[52]   Linda Houser and Thomas P. Vartanian, “Policy Matters: Public Policy, Paid Leave for New Parents, and Economic Security for U.S. Workers,” April 2012, Center for Women and Work, Rutgers,; Maya Rossin-Slater, Christopher J. Ruhm, Jane Waldfogel, “The Effects of California’s Paid Family Leave Program on Mothers’ Leave-Taking and Subsequent Labor Market Outcomes,” National Bureau of Economic Research Working Paper No. 17715, December 2011,

[53]     Suma Setty, Curtis Skinner, Renée Wilson-Simmons, “Protecting Workers, Nurturing Families: Building an Inclusive Family Leave Insurance Program: Findings and Recommendations from the New Jersey Parenting Project,” National Center for Children in Poverty, Columbia University Mailman School of Public Health, Mar 2016,

[54]   EOI calculation from U.S. Bureau of Labor Statistics March 2016 data for nonfarm employment, seasonally adjusted.

[55]   Rhode Island’s program is entirely through the state system. California and New Jersey allow employers to self- or privately insure in certain circumstances, but the majority of employers are in the state system. New York and Hawaii programs are largely privatized.

[56]   60% of employers reported coordinating benefits in a survey of California employers. Eileen Appelbaum and Ruth Milkman, “Paid Family Leave Pays Off in California, Jan 29, 2011, Harvard Business Review,

[57]   Linda Houser and Thomas P. Vartanian, “Pay Matters: The Positive Economic Impacts of Paid Family Leave for Families, Businesses and the Public,” Center for Women and Work at Rutgers, the State University of New Jersey, 2012,; Maya Rossin-Slater, Christopher J. Ruhm, Jane Waldfogel, “The Effects of California’s Paid Family Leave Program on Mothers’ Leave-Taking and Subsequent Labor Market Outcomes,” National Bureau of Economic Research Working Paper No. 17715, December 2011,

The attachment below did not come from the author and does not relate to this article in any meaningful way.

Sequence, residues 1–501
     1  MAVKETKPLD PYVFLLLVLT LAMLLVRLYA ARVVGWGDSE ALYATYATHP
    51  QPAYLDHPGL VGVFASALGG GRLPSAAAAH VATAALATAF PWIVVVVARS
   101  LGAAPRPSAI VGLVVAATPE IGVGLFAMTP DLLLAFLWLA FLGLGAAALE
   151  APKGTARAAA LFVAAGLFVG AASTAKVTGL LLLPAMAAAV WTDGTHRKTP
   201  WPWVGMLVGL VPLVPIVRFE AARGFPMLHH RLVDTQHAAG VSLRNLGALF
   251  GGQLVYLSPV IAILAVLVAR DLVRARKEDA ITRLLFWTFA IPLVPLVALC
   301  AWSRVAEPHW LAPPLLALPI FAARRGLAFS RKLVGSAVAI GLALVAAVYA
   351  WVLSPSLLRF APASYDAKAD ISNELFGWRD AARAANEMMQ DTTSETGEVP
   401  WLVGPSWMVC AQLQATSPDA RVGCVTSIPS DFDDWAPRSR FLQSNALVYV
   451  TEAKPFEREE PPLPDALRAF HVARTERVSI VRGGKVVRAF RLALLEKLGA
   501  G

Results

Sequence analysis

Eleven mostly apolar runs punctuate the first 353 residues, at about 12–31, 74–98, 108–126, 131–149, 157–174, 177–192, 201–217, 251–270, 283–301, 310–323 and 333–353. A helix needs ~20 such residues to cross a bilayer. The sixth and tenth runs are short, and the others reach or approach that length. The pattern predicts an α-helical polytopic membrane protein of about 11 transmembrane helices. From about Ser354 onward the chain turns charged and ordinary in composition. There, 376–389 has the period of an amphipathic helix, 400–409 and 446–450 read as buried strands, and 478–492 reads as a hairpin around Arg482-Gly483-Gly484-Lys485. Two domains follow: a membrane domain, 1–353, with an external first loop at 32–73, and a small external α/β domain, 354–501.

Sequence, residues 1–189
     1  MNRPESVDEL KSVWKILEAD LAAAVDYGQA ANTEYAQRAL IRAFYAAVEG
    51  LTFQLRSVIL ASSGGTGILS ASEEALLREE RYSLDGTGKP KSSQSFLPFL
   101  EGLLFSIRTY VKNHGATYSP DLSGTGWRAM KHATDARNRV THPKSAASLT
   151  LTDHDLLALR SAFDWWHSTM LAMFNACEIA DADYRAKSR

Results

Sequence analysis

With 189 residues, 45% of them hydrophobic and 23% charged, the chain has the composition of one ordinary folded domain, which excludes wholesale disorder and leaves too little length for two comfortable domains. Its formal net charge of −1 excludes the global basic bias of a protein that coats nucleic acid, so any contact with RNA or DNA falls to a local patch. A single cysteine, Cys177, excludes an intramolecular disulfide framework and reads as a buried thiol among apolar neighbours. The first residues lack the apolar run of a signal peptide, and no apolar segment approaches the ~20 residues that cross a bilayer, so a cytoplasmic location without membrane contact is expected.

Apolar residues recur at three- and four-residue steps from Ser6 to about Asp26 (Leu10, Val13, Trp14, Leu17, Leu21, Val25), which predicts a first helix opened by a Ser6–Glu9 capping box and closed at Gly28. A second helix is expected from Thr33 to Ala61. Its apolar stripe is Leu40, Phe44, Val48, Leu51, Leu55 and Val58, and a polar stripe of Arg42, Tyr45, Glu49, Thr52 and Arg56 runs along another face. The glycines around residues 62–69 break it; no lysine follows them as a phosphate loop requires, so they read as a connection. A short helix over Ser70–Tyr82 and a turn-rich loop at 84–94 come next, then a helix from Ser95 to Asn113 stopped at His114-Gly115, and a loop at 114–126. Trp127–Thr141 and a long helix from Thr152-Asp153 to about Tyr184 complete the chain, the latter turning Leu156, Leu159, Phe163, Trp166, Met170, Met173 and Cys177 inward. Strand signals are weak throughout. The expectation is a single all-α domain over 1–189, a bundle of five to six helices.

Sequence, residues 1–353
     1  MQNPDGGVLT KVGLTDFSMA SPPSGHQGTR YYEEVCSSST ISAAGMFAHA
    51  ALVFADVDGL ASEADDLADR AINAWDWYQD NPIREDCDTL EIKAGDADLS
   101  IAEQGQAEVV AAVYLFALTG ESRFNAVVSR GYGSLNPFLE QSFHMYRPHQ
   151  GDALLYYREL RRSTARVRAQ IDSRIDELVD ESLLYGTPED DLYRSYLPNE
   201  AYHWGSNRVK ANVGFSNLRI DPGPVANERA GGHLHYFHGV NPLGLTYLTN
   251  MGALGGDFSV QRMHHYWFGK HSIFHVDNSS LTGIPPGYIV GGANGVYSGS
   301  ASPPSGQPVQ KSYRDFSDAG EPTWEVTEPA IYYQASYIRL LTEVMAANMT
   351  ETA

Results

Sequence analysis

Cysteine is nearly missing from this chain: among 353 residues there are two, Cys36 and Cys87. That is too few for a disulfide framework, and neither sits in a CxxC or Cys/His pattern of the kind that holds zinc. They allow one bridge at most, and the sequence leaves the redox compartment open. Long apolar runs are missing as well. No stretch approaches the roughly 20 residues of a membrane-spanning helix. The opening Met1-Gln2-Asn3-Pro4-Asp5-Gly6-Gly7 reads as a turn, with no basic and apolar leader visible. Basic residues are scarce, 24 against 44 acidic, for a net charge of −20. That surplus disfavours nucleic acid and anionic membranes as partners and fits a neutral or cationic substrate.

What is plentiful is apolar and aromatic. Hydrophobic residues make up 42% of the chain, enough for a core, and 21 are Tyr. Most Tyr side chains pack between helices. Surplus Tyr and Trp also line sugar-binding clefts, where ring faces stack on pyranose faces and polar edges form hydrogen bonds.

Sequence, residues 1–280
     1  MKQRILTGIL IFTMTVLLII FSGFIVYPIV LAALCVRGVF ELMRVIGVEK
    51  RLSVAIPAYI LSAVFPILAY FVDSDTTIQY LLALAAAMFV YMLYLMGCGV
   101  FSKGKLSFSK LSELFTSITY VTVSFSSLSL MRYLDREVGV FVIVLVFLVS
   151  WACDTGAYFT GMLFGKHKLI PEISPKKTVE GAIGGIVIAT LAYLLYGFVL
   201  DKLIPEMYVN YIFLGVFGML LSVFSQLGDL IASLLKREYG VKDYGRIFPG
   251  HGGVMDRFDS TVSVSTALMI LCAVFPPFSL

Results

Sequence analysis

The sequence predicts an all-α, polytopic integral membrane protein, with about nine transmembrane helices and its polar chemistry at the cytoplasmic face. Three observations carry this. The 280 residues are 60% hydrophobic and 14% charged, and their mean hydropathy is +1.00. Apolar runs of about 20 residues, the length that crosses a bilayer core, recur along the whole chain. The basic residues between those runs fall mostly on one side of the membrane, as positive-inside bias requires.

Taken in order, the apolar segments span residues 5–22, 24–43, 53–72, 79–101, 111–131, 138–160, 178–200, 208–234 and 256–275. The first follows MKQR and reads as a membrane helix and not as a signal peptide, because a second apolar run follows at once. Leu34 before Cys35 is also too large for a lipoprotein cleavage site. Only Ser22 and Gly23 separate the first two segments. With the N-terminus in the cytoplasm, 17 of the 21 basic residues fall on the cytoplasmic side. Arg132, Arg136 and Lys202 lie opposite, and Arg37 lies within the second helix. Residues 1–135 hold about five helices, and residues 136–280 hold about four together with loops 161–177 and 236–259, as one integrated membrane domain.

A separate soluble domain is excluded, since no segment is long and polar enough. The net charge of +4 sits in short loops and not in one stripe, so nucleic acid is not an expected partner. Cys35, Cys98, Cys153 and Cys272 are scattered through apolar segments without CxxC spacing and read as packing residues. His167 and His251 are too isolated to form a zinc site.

[58]   Marilyn P. Watkins, “Local Results of Paid Sick Days Laws, Economic Opportunity Institute, Jan 2016,

[59]   Abt Associates, Inc., Family and Medical Leave in 2012: Final Report, pp. 155-157, U.S. Department of Labor,

[60]   Eileen Appelbaum and Ruth Milkman, “Paid Family Leave Pays Off in California, Jan 29, 2011, Harvard Business Review,

[61]   Sharon Lerner and Eileen Appelbaum, Business As Usual: New Jersey Employers’ Experiences With Family Leave Insurance, Demos, Jun 2014,

[62]   Bartel, et al, “Assessing Rhode Island’s Temporary Caregivers Insurance Act: Insights from a Survey of Employers,” Jan 2016,

[63]   Employers Association of New Jersey, “Who We Are,” webpage viewed Apr 28, 2016,

[64]     Employers Association of New Jersey, “Most Employers Prepared for Family Leave Insurance but Many Small Firms Are Still in the Dark,” Jun 2009,

[65]   “Implementation and Early Outcomes of the City of Seattle Paid Sick and Safe Time Ordinance,” prepared by Jennifer Romich et al, University of Washington, for the Seattle City Auditor, April 2014,

[66]    Paid Family Leave California, “New Poll Finds Just 36% Of California Voters Aware Of State’s Paid Family Leave Program,” Jan 14, 2015,

[67] “You probably don’t know NJ allows paid family leave, study says,” Mar 30, 2016, website viewed Apr 29, 2016,;

[68]   Center for Women and Work, Rutgers University, “Policy in Action: New Jersey’s Paid Family Leave Program at Age Three,” Jan 2013,

[69]   Suma Setty, Curtis Skinner, Renée Wilson-Simmons, “Protecting Workers, Nurturing Families: Building an Inclusive Family Leave Insurance Program: Findings and Recommendations from the New Jersey Parenting Project,” National Center for Children in Poverty, Columbia University Mailman School of Public Health, Mar 2016,

[70]   Setty, et al., “Protecting Workers, Nurturing Families” National Center for Children in Poverty, Mar 2016,